Police

Police commission pushes for public opinion survey

Researcher says quarterly surveys are better

Police Chief Jean-Michel Blais talks at a meeting at City Hall on Monday.   Samantha Schwientek

The Halifax Board of Police Commissioners wants to understand citizen attitudes toward police so it’s developing a survey.

The board, which serves as a conduit between police and the community, agreed Monday to move forward with the project. The goal is to monitor citizen trust and confidence in police.

“It’s good timing for this (survey),” Chris Giacomantonio, a researcher co-ordinator, told the board.

Discussion of a survey comes as police say they’re still looking for 38 evidence exhibits, after a 2015 audit showed 74 were missing or misplaced. In addition, statistics show black drivers in Halifax are three times more likely than non-black drivers to be stopped by police.

The Halifax Regional Police (HRP) and the RCMP collaborated on annual surveys between 1999 and 2013.

The issue of a new survey was first raised in April 2015, after several high-profile shootings of unarmed African-American men and boys received international attention.

HRP decided to postpone a report until the arrival of a research co-ordinator. They hired Giacomantonio in September. On Monday, he led the conversation on how best to develop the survey.

Christopher Giacomantonio, who has a PhD from Oxford University, was hired as the first research co-ordinator for HRP.   Samantha Schwientek

The survey’s design was a major point of discussion.

Commissioner Ed MacMaster said he wants to review the wording of the questions before the survey is sent out to the public.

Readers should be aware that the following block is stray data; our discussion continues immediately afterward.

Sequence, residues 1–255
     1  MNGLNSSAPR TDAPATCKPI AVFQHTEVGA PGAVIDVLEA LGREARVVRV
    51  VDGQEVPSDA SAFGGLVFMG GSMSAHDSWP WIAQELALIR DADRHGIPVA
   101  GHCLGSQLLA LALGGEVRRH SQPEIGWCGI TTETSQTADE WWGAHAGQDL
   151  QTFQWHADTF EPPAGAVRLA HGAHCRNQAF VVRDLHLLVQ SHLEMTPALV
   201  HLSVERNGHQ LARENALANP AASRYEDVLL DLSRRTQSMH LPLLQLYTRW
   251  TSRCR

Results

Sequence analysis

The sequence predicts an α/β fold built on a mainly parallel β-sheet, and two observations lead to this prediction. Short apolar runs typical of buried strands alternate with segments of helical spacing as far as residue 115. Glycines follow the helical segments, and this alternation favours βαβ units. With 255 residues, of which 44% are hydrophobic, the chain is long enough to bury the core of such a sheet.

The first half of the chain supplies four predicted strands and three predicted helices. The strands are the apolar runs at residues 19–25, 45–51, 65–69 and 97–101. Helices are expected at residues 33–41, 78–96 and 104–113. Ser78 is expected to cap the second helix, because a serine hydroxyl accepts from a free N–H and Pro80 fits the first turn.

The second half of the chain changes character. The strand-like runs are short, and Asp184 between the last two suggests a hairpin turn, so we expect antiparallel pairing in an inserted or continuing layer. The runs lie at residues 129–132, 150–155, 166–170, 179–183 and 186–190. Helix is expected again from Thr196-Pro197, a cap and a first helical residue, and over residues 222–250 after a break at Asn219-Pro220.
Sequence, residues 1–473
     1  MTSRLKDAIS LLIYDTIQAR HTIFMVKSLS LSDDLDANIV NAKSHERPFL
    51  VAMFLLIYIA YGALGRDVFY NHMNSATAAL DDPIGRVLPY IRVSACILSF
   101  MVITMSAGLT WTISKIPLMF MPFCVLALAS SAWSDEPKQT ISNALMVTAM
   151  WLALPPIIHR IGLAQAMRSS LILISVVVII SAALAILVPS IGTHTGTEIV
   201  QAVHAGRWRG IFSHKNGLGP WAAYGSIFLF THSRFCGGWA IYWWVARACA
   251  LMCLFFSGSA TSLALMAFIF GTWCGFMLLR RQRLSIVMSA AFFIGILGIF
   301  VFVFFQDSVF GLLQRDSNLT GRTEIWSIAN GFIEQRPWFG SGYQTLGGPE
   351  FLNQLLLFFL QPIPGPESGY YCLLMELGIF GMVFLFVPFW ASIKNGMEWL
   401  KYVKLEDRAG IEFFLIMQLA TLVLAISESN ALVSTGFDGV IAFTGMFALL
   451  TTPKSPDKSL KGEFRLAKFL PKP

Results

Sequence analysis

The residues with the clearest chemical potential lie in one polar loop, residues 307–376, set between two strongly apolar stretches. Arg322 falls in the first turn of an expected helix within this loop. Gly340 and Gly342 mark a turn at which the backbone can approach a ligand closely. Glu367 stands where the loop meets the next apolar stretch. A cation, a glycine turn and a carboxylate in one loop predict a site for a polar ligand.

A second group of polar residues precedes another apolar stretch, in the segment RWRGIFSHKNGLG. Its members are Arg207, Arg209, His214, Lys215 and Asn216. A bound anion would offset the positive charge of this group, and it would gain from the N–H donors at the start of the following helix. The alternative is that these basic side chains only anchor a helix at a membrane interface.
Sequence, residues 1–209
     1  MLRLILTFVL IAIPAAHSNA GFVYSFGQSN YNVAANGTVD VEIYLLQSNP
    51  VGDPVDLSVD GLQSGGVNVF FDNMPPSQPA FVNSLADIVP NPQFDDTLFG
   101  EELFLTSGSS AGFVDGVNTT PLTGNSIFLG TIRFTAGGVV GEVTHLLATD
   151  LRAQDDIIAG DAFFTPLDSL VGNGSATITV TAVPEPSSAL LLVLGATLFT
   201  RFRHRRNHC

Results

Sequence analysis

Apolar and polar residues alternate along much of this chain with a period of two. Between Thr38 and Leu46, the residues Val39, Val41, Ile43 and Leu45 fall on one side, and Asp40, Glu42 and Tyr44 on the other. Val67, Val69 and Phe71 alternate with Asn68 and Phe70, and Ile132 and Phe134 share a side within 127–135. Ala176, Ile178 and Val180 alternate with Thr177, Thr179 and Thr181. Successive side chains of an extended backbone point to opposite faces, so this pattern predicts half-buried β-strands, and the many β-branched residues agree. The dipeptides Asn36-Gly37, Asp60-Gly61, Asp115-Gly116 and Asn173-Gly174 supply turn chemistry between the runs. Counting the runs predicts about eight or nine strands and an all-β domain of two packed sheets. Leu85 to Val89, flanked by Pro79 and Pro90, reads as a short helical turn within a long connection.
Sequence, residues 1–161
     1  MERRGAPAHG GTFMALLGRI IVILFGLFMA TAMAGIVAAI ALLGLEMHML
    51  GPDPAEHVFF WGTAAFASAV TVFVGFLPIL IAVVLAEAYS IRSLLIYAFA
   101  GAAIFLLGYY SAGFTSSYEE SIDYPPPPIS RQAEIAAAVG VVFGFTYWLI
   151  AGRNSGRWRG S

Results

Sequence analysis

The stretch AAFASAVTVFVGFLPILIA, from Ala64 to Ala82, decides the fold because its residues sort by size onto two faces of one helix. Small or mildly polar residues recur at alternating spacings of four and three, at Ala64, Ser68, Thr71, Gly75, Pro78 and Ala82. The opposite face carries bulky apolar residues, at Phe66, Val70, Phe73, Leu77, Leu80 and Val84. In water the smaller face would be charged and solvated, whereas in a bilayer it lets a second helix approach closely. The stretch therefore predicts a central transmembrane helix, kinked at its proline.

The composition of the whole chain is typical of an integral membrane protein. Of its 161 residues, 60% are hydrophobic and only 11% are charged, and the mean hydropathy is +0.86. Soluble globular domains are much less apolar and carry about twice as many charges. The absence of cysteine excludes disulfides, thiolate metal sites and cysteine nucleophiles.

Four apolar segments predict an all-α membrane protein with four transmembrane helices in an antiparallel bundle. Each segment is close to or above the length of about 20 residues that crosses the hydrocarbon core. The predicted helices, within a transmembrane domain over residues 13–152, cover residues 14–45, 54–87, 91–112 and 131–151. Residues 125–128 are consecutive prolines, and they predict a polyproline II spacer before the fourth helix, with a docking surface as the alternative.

“We live in a land of constricted language,” MacMaster said, adding that he’s concerned the language used could impact public perception of the police.

Commissioner Sylvia Parris also wanted a clarification of language.

Parris was the only person of colour at the meeting. She asked if the survey would allow individuals to identify as members of a specific race and ethnic community to show if attitudes toward police vary among different groups. Giacomantonio said that it would.

There was some debate over whether or not police had a responsibility to respond to the results.

Parris said she wants any issues brought up in the survey to result in some action from police. However, MacMaster said the survey should “come with restricted viability,” meaning results would not necessitate police reaction.

Quarterly surveys

Giacomantonio said a good question for the survey would involve rating the statement: “I believe police share the same values as I have.” A poor question would ask how satisfied residents are with police services, as those types of questions usually elicit status quo responses.

“Most cities do an annual survey,” said Giacomantonio. “The overall recommendation is to move forward on quarterly surveys.”

He noted that quarterly surveys provide more accurate data and illustrate trends more effectively than annual ones. With annual surveys, he said, if an event occurs that puts police in a position where they receive either public criticism or public praise, that event may colour the results. Conducting surveys more frequently mitigates those effects.

Regarding the survey structure, Giacomantonio said it’s best to put general questions at the beginning and issue-specific questions at the end.

Giacomantonio said he will consult with Public Safety Canada in April to seek their input on the survey.